Price focused on Tigers, not contract

— -- LAKELAND, Fla. -- David Price is familiar with his contract. And he's familiar with how to flip months on a calendar. So, yeah, he has noticed that he's eight months away from free agency.

But if that's something that America's most inquisitive media minds feel we need to ask him about every 10 minutes, that's our issue, not his.

"Honestly, I haven't put a whole lot of thought to [free agency]," Price said this week, leaning comfortably on a picnic table outside the Tigers' clubhouse at Joker Marchant Stadium. "If it happens, I'm fine with it. But I don't put thought to it on a day-to-day basis. I don't think about it before I go to bed. I don't think about it when I wake up. I don't think about it when I'm driving to the field."

No, he thinks about it when there's someone with a camera or a microphone or a pen or a notebook around asking him about it, because worrying about impending free agency is what we do. It's not what he does.

Ask Price if he has heard the big news that there are a half-dozen other ace-type starters heading for free agency next fall, and he deadpans: "I know a couple of them, I guess."

Ask him if he was paying attention this winter to the odd free-agent journeys of his former teammates, Max Scherzer and James Shields, and it's clear he was -- but more because of his friendship with Shields in particular than out of a desire to do a scientific analysis of why it took these guys so long to find a team.

"I guess the guy I talked to the most throughout the process would have been James Shields," Price said. "And he said it was a very tough time for him. It wasn't everything that maybe it was hyped up to be. I'm sure some guys love the experience. But the experience is going to be different for each guy. I think it's something that you want to be able to enjoy. You want to have fun with it.

"But honestly," he said again, in case this wasn't already clear, "I haven't put a whole lot of thought to it."

And you know what? We should actually take him at his word on this, because in truth, Price has lived through two stretches during his baseball career that were much more uncomfortable than a free-agent walk year.

The first began nearly a decade ago, during his sophomore year at Vanderbilt. He'd already been projected as the first pick in the 2007 draft. So every team in North America was watching every pitch he threw during the next two seasons with the Commodores. And all Price did was set school strikeout records in back-to-back seasons; win the Golden Spikes, Dick Howser and college player-of-the-year awards; and get drafted No. 1, ahead of the likes of  Matt Wieters, Mike Moustakas and Madison Bumgarner.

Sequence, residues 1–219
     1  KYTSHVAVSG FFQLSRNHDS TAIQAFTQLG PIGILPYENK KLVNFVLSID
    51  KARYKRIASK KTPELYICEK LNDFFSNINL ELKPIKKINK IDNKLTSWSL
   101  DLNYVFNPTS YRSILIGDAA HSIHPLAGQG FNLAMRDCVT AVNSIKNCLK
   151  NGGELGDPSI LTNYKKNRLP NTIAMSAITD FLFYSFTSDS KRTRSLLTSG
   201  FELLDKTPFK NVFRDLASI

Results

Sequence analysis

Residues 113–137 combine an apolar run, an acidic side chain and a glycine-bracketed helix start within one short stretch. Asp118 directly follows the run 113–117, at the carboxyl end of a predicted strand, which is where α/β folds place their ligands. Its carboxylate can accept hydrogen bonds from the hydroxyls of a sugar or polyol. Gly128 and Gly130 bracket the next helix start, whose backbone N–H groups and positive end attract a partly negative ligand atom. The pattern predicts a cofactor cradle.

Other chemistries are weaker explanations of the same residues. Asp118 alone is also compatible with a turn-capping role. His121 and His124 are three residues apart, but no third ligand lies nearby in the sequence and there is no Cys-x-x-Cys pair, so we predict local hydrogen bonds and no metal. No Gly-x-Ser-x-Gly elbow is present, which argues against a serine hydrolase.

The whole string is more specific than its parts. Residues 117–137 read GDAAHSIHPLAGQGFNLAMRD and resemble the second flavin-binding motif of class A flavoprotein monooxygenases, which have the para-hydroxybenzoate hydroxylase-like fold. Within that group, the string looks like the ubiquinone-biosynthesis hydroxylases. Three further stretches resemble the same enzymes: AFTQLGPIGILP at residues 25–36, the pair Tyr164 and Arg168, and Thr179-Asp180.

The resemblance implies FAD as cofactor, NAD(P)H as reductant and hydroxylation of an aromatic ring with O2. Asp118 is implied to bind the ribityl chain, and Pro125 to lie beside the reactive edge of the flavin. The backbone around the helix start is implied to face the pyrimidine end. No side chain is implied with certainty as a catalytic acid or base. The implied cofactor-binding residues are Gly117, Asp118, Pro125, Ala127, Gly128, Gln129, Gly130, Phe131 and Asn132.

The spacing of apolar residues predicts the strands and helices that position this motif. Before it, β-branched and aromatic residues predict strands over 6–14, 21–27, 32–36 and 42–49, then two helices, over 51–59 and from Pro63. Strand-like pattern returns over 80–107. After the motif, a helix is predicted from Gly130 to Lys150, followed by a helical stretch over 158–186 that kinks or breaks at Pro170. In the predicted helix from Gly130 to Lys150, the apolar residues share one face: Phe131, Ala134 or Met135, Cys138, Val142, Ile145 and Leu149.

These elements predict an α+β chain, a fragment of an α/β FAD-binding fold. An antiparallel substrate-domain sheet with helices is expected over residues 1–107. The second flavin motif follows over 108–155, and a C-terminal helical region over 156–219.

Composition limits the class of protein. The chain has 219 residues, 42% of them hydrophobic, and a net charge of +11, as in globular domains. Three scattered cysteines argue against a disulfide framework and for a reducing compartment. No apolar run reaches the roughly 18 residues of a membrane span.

Price's coping mechanism for all of that pressure was "to just completely immerse myself in my teammates," he said. "All I cared about was Vanderbilt winning. And that's really all I care about now. I want to win. I want our team to win. ... I want to be the best teammate I can be. If you can just control what you can control, I feel like good things will happen to you out there on that mound."

But even that experience at Vanderbilt was a Caribbean cruise compared to what Price dealt with in his final two seasons in Tampa Bay.

After the 2012 season, he walked out the clubhouse door thinking he'd get traded -- and was as surprised as anybody when he walked back in that same door the next spring. Then, after the 2013 season, he was "sure" he'd get dealt, he said. And when he wound up back in scenic Port Charlotte again last spring? "I really didn't expect to be there," he said.

But Price had spent his entire career as a Ray, so he knew the drill. Tampa Bay wasn't going to sign him. The Rays weren't going to extend him. They weren't going to keep him for the long haul. So for two years, he spent every waking second "just knowing at some point I was going to be gone," he said.

Except he didn't know where. And he didn't know when. And he had almost no control over any of it.

In response to anyone who asks whether the weight of looming free agency is a burden, Price can just point to those two seasons, when he was trying to savor every minute he spent playing for a team he loved. And knowing that the plug could get pulled at any moment -- and thus turn his whole life and career upside-down.

"When you're in a place that you really want to be, that's tough, you know?" Price said. "Only being through one organization up to that point, and just growing up with that team, that staff, that fan base for seven years? Going through that last year was tough. That was very tough."

Last spring at this time, the Rays' camp was filled with amazingly upbeat, win-the-World-Series kind of talk. Next thing they all knew, they were 18 games under .500 in June, then almost saved the season by ripping off a 20-5 streak right before the trade deadline. But they still couldn't get themselves close enough to keep Price from getting shipped to Detroit minutes before the deadline on the last day of July.